SWANTON — The Franklin Northwest Supervisory Union was one of four Vermont districts awarded a five-year grant as part of a national initiative to help identify and assist students who have trouble learning.
Four schools in FNWSU — Swanton, Sheldon and Highgate elementary schools and Missisquoi Valley Union — will take advantage of a program called SWIFT (Schoolwide Integrated Framework for Transformation).
The program will provide specialized training for teachers and school staff to focus on children’s combined academic and behavioral issues, said Jack McCarthy, FNWSU superintendent. He said training would be geared toward teachers providing positive reinforcement, which, he added, should come naturally to his staff members.
“One of the big things is being really positive with kids,” he said.
For the first year, Swanton and Sheldon will receive support through the program, said McCarthy. Starting in the second year, Highgate Elementary and Missisquoi Valley Union Middle School will begin participation.
The SWIFT initiative is designed to combine behavioral practices with academic interventions, the superintendent explained. Currently, FNWSU elementary and middle schools have two separate programs to address behavioral and students who struggle to learn, he said, but with the grant, they will look at combining both those programs.
“We looked at these two things in isolation,” McCarthy said. “They shouldn’t be two isolated processes.”
Vermont was one of five states selected for the K-8 SWIFT program, along with New Hampshire, Maryland, Mississippi and Oregon. The $24.5 million initiative is run by University of Kansas researchers who selected Vermont to participate.
Specialized researchers from the University of Kansas will come to the schools throughout the school year to help implement the SWIFT program, McCarthy said.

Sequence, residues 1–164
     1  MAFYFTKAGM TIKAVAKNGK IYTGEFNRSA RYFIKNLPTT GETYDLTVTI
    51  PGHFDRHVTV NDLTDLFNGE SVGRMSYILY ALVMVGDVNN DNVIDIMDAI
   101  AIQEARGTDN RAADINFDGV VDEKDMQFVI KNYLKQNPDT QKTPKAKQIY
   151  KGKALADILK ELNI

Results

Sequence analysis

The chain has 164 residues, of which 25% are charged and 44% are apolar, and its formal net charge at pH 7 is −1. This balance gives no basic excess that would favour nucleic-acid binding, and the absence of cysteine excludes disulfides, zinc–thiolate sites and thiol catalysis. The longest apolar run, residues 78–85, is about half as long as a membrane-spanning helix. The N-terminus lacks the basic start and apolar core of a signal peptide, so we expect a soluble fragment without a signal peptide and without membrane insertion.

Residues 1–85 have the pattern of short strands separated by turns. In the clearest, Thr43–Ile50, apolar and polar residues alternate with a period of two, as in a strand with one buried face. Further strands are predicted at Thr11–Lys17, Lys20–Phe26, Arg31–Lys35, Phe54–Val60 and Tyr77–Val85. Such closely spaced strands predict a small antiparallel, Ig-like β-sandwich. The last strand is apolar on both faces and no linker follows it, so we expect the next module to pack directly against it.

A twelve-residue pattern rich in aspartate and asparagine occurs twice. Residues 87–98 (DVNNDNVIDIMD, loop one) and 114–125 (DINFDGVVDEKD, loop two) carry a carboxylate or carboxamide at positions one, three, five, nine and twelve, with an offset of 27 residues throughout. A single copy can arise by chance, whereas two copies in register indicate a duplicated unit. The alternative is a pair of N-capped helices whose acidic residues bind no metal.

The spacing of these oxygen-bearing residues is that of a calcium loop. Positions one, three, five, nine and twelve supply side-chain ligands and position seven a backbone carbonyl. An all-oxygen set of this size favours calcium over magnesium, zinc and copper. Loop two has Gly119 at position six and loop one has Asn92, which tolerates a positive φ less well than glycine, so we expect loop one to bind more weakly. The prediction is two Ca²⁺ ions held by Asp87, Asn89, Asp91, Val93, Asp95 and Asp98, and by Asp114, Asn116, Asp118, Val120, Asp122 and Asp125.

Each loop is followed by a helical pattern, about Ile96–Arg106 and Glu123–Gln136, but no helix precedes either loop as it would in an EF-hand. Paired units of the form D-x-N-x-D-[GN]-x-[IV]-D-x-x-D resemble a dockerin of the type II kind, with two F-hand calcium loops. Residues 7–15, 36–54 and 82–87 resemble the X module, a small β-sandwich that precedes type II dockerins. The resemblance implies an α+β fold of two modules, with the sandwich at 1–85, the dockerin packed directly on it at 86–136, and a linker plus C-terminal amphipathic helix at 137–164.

The SWIFT initiative was funded through the U.S. Department of Education, McCarthy said, because of the success of combining the behavioral and academic processes in pilot programs around the country.
Those early successes and the obvious nature of integrating behavioral and learning practices are a big reason for the optimism around the grant awarded to FNWSU, McCarthy said.
“Our principals are excited,” he said. “To me, it just makes common sense.”
Yearly meetings with the other schools around the nation are another requirement of the grant, McCarthy said. He said the only funding match the schools have to make is from a human resources perspective when hiring substitute teachers for staff members off training.
The Swanton and Sheldon elementary school boards are having a combined board meeting Tuesday, McCarthy said, and meeting with both schools’ co-principals to discuss how the grant will impact staff and students. An overall planning meeting will occur in early October, he said, followed by an official kickoff event to showcase the new program in the schools.
The other school districts awarded the grant in Vermont are the Grand Isle Supervisory Union, Windham Southeast Supervisory Union and Southwest Vermont Supervisory Union.
The Vermont Agency of Education (AOE) is hoping the SWIFT resources will turn into statewide improvements.
“The resources that SWIFT will bring to the state and the supervisory unions involved build our capacity to improve outcomes for all students,” said Karin Edwards, integrated support for learning director at the AOE. “We are thrilled to be one of the five states selected.”